Half-Century Of Music Highlighted In Waco Symphony Orchestra SeasonSept. 26, 2011
Selecting the pieces that the Waco Symphony Orchestra would play in its upcoming season was not a typical process for Stephen Heyde. The process of building a season is something he's done now twenty-five times. Tchaikovsky's Symphony Numer Four is one of those selections, and it's been played many times before by the Waco Symphony-that's why he chose it and similar pieces again this year.
Fifty years in Waco. For a small symphony without a funding base that those in larger cities can tap into, that's no small feat. Heyde and his predecessor, Dean Daniel Sternberg, both gave twenty-five years of their lives conducting in Waco, partnering with others to shepherd the organization to this point in time from its beginning in 1962. Heyde explains that perhaps his greatest point of pride are the roots that he and Dean Sternberg set in this community.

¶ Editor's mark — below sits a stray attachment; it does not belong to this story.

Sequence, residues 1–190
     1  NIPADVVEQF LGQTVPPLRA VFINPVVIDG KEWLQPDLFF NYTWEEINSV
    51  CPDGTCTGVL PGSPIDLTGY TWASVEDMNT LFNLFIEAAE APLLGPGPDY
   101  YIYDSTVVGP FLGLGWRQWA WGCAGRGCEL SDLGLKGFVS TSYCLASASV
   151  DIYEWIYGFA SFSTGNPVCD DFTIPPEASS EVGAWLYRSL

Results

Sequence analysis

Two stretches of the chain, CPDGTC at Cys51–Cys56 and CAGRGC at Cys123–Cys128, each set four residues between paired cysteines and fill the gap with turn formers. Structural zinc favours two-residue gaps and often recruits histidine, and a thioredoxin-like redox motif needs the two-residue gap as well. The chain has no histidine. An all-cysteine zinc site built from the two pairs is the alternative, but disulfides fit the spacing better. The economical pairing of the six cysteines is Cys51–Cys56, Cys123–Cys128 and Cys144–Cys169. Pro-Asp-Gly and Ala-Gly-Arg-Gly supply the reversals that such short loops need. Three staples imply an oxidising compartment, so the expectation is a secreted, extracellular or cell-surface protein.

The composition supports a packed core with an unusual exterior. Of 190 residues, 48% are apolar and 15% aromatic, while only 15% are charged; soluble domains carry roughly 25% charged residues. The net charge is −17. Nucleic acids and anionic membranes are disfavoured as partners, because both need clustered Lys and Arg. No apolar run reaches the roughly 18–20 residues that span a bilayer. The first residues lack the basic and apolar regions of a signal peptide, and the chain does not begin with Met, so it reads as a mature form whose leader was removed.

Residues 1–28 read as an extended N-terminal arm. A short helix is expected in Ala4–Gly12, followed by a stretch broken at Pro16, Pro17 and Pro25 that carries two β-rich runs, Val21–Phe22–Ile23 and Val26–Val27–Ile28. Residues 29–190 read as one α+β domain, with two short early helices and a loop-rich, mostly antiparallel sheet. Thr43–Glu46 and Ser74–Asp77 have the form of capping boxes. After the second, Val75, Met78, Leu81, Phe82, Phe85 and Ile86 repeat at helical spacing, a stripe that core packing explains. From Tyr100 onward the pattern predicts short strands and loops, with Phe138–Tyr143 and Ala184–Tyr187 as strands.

He of course remembers many of the pieces the orchestra has played over the years. He chose them. But thankfully, the record-keeping prior to his arrival was impeccable. So he was able to go back a half-century, and see not just what was popular while he was the conductor, but what audiences enjoyed long before he arrived.
Thousands of pieces were wittled down to a few that best represented the orchestra's past. And believe it or not, Heyde can pinpoint the most popular and well-received piece in the orchestra's history.
Pines of Rome will be performed in the spring. In the interim, return musicians like Joshua Bell, Andre Watts, and Joshua Bell will perform again with the symphony. Big name musicians are feathers in the orchestra's cap, but for Heyde it's the team effort locally that has been even more meaningful.
The season begins tomorrow night at Waco Hall, as violinist Joshua Bell joins the symphony. We'll hear from Bell tomorrow as we continue to focus on the Waco Symphony Orchestra. For KWBU News, I'm Derek Smith.